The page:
In addition to my music projects, I’m looking forward to expanding my horizons to include composing music for TV ads, shows and films. You can always stay tuned and updated through my website for new work releases, projects, events and so on. adhamroshdy.com
Got some final words for your fans?
I really thank you for your wonderful appreciation and support across the years. No matter what genre, band or project I’m engaged with, your support is always true and deeply motivational. I hope God gives me the power to expand my horizons, deliver and produce even more artwork than before that you will like.
I have a few words for Rock Era as well. Ever since the beginning, you haven’t stopped amusing us with the magnitude of support and passion you express to uphold the music scene. Your prominence is recognizable and I wish you the best in expanding and successfully continuing to support the scene while entertaining and enlightening your audience. Thank you very much for this amazingly interesting interview, I’ve really enjoyed every question…Rock on RockEra!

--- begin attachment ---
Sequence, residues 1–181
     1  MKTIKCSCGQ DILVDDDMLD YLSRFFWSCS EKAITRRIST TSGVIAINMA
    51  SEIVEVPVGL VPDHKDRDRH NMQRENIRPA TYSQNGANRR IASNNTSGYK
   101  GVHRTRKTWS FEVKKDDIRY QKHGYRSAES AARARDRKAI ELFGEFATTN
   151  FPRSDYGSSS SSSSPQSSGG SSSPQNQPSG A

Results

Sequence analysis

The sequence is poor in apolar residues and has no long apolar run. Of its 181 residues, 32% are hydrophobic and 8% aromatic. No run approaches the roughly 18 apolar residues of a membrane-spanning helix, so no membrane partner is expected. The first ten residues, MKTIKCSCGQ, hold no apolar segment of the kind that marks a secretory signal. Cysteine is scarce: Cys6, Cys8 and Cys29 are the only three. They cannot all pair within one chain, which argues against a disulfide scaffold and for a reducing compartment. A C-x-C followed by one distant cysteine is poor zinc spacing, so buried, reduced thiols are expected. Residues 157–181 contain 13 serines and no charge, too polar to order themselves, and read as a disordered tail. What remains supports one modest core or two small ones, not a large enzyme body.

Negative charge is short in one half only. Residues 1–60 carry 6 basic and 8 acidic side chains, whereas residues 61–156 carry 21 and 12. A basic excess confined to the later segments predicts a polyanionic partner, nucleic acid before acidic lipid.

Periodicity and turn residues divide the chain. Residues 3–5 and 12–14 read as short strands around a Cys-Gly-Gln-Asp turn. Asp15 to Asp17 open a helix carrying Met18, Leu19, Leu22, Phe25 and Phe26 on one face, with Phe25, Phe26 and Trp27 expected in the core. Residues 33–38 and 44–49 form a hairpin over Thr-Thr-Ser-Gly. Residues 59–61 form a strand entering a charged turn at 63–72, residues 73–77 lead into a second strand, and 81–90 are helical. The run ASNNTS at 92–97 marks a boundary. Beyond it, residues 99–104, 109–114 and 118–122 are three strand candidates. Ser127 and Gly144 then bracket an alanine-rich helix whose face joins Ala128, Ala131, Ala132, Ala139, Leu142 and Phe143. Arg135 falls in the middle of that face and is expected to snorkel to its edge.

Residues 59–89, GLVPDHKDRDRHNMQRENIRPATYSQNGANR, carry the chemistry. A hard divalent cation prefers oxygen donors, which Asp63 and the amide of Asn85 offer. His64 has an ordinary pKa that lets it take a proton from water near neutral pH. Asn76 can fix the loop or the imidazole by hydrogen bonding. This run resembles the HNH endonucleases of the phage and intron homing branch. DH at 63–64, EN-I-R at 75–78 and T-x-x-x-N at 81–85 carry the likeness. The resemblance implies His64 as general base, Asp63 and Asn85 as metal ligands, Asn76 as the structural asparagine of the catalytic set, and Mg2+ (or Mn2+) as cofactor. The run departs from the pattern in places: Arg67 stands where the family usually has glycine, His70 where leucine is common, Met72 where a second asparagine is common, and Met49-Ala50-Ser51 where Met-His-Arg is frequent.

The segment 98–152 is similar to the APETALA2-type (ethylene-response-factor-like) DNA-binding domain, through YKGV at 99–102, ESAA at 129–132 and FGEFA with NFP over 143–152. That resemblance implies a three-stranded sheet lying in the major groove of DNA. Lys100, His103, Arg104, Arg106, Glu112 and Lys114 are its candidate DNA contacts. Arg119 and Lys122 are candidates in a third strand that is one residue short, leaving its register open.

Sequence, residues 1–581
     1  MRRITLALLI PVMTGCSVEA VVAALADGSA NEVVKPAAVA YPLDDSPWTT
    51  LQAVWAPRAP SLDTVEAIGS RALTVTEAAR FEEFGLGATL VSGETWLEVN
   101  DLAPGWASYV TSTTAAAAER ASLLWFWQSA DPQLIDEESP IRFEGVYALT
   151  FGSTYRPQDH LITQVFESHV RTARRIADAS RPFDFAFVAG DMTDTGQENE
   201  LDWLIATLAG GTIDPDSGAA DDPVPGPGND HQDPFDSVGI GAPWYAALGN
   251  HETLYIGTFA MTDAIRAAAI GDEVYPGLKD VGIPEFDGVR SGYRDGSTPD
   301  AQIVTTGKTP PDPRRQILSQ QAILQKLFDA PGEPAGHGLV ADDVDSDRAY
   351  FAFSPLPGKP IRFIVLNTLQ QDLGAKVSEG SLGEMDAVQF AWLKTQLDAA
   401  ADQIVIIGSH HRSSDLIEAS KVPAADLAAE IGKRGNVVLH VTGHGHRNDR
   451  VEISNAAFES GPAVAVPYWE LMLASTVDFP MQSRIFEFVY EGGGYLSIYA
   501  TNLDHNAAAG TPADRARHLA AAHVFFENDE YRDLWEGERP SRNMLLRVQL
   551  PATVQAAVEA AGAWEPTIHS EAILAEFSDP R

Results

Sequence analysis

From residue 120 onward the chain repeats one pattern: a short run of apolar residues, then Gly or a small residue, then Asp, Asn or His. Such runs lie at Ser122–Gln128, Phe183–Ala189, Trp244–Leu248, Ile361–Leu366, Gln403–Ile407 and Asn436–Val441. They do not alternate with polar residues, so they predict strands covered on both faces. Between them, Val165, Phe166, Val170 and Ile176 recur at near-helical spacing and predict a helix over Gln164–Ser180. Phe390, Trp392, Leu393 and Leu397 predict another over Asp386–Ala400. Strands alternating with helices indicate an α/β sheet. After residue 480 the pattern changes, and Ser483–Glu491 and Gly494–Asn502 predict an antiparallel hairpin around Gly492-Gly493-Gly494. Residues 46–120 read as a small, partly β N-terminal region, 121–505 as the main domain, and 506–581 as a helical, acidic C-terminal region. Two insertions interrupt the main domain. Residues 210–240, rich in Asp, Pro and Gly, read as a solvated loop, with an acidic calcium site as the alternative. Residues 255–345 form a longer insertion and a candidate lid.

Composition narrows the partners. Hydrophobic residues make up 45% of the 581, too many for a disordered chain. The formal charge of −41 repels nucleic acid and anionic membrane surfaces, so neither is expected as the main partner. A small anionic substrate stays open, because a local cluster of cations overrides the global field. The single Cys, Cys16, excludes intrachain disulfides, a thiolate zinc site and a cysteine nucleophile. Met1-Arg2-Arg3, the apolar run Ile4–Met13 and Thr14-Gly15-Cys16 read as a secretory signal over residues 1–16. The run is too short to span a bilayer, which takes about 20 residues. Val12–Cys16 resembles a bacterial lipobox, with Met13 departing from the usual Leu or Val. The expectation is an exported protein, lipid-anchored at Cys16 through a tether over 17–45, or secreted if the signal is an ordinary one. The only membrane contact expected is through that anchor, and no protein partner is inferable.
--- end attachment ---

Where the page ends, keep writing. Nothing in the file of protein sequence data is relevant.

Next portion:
Interviewed by: NJ Bakr
All photo’s rights reserved by: Menna Hossam and Moustapha Berjaoui